In The Richness of Time

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Today I am celebrating 70 years of living. It is my birthday – and I am having trouble getting my mind around being alive for 70 years. Maybe it is because I don’t have enough fingers and toes to count that high. Maybe it is because getting old is so very complex. In any case I have found that I am now attracted to roses in the fullness of their maturity whereas the me of my early years preferred buds with their full potential waiting to unfurl. I am feeling giddy-excited about arriving at what I consider a mature old age. Wow!

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JB and I talk about death a lot – we are trying to figure out how to prepare for a life without each other. We know it will be painful and I am hoping he dies first because I can’t fathom leaving him behind to mourn. I worry about whether he could take care of himself although I also tease him that there will be a line of widows forming at our door bringing him suppers and pies.

Within those 70 years it is not surprising that I have watched as people I love lost the flush of full bloom and their pedals withered until death stilled their bodies. Dying frightens me, because I don’t know if I can handle the loss of control that comes from life-sucking disease. But I don’t fear death, in fact I look forward to it as another exciting journey. My faith helps me with that.

But today I’m not thinking about death as much as I’m thinking about life. Oh, the grace and beauty that comes with remembering a life fully lived. JB and I were talking about how fortunate we are to have time together and the resources we need. We believe we have just enough of everything. Our joy is increased by knowing we will loose it all as we age and die. I am expecting that the loss will be okay as long as we completely and thoroughly enjoy our todays.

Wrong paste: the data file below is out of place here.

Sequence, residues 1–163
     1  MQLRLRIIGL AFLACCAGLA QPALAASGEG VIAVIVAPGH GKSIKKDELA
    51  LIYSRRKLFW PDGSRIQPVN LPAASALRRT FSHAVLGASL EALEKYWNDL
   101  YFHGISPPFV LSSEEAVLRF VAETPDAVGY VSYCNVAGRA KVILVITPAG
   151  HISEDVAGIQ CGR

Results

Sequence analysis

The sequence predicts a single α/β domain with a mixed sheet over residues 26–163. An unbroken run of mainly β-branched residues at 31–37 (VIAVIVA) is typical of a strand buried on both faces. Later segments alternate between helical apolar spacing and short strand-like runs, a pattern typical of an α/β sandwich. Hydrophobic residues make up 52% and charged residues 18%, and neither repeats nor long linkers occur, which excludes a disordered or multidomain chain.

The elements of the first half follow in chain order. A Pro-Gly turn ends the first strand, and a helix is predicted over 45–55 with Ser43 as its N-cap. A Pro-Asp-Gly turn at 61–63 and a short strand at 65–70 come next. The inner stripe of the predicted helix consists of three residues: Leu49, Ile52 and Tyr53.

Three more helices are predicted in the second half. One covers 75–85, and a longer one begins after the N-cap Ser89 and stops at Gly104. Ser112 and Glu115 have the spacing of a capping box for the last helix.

I feel like I am on a cusp. Life is changing for me in a way that is neither all good or all bad. Just like the life I have lived. I have the aches and pains of a body that is wearing out. My friends and I laugh about it, because we are all in the same boat. We marvel at how our minds sometimes forget that our bodies can’t do what they did in our youth. When I think about what I use to be able to do, sometimes I am sad about the loss and sometimes I smile. Life is like that. The good news is that I now have the freedom to rest when I need to rest, and can use my age as an excuse not to do it at all if the work becomes too taxing.

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Life at 70 feels rich and full. Colors are deeper, smells are sweeter, touch is more comforting. The great mysteries of life inspire more awe, and I revel in the simple pleasures of the scent of rain and snow, the warmth of the sun upon my face, the crunch of leaves beneath my feet, and the breeze blowing through my hair. I know who I am because of where I have been. I know I can face my future with confidence and let the crusty, feisty character within me emerge. Seventy is my ticket to being all that I am.

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54 thoughts on “In The Richness of Time